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New safety measures allow Malian refugees to return to camp in Burkina Faso

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Malian refugee families return to Goudoubo camp, Burkina Faso, December 2020. Some left the settlement in March following security incidents.  © UNHCR

UNHCR, the UN Refugee Agency, has helped 3,000 Malian refugees move back into Burkina Faso’s Goudoubo refugee camp, nine months after insecurity forced them to abandon the site.

This month, in 31 convoys of buses and trucks, UNHCR relocated the refugees to Goudoubo camp in the country’s north-east from the nearby town of Dori. Another 150 refugees relocated on their own on motorcycles or in tricycle taxis. Some moved on foot, accompanying their cattle.

Goudoubo hosted 9,000 refugees until March this year when a series of violent attacks and ultimatums by armed extremists emptied the camp. Some 5,000 Malian refugees made the difficult choice to return home to a country still in turmoil, where UNHCR assisted them on arrival.

The remaining Malians fled, many to Dori town, where they were welcomed by a host community already grappling with dire conditions, impacting shelter, clean water, and health services.

Now, national authorities have reinforced security in and around Goudoubo, with more personnel and increased patrols allowing Malian refugees to return to the camp.

“The Malian refugees returning to Goudoubo had been asking us to move them back to the camp where most had lived since 2012. We thank the authorities for making their return to Goudoubo possible by  adding security measures and their commitment to keep the camp safe,” said UNHCR Representative in Burkina Faso, Ioli Kimyaci. “Goudoubo will offer better access to services and will make life away from home a little easier, while we look for alternatives and lasting solutions.”

At Goudoubo, UNHCR and the National Commission for Refugees, CONAREF, have built 1,500 new shelters for the returning refugees. In addition to shelter, essential aid, infrastructure improvements, and helping strengthen community networks, UNHCR and partners have refurbished and restocked a health clinic, and primary and secondary schools are ready to reopen and welcome students. Livelihoods are also expected to return, including farming and pasture lands for cattle to graze.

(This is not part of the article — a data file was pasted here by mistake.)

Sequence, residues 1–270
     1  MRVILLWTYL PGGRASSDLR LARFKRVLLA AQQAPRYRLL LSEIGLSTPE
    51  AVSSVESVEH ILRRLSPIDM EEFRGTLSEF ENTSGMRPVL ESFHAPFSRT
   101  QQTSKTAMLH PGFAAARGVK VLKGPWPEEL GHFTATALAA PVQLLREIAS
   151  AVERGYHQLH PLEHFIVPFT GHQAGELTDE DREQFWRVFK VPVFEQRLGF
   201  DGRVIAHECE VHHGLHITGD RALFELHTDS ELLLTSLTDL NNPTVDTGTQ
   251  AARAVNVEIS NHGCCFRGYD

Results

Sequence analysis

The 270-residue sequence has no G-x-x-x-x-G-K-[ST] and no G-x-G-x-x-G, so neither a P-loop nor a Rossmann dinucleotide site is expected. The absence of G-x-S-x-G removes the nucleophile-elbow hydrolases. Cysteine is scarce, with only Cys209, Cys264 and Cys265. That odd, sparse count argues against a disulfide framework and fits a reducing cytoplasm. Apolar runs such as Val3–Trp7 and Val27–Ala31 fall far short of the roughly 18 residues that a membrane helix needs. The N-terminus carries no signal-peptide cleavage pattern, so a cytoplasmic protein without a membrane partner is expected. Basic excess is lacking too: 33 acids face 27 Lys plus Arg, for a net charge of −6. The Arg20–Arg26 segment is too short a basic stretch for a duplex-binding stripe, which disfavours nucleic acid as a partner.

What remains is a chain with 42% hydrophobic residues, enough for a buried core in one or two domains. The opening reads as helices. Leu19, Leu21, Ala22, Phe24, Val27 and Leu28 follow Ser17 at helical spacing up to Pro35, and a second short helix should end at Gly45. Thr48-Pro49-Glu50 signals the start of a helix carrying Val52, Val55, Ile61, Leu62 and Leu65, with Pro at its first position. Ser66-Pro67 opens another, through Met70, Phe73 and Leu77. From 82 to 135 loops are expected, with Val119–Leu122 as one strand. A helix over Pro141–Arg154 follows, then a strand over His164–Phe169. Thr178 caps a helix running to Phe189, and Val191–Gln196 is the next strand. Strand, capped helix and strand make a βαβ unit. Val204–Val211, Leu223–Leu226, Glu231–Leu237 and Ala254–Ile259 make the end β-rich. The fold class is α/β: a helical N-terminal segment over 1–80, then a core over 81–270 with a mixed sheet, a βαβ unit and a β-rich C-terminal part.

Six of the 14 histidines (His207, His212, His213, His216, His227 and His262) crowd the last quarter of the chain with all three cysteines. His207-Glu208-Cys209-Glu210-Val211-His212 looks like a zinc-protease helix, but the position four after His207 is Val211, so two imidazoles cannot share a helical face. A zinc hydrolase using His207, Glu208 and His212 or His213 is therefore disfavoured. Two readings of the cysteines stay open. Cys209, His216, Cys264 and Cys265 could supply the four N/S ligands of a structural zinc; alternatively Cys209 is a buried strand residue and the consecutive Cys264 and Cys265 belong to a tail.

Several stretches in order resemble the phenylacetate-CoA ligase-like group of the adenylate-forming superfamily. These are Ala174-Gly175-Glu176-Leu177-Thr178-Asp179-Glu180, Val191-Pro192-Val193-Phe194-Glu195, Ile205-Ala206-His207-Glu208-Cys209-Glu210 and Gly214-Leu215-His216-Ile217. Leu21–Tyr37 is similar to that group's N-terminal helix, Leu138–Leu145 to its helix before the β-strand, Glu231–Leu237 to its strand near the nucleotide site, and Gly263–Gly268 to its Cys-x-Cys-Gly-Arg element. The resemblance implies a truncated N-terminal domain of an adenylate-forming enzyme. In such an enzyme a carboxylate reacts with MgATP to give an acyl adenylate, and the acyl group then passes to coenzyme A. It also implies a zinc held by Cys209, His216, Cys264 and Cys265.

Returning refugees have begun reopening small businesses in Goudoubo, including grocery shops and butchers. Refugees tell UNHCR that the return to the camp means an end to the struggle to find shelter and access basic services.

Relocations will continue this month, with a further 2,100 refugees expected to move back to Goudoubo from the Mentao camp, near Djibo. Access to Mentao had been cut off for more than a year, after a string of deadly attacks severed aid and food distributions and forced UNHCR staff to stop their work there.

In Africa’s turbulent Sahel region, Burkina Faso is at the epicentre of one of the world’s fastest-growing displacement and protection crises. One out of every 20 people – amounting to more than one million people – is now internally displaced. Burkina Faso also hosts 20,000 Malian refugees, the majority of whom fled violence in 2012.

Across the Sahel, refugees, internally displaced people and their hosts are subjected to brutal violence, including rape and executions. The COVID-19 pandemic added a new layer of hardship for the refugees and further complicated efforts to support them.

Despite the welcome relocations to Goudoubo, UNHCR is again warning that attacks by armed groups in the Sahel will lead to further displacement in a region already hosting nearly two million IDPs and hundreds of thousands of refugees.

 

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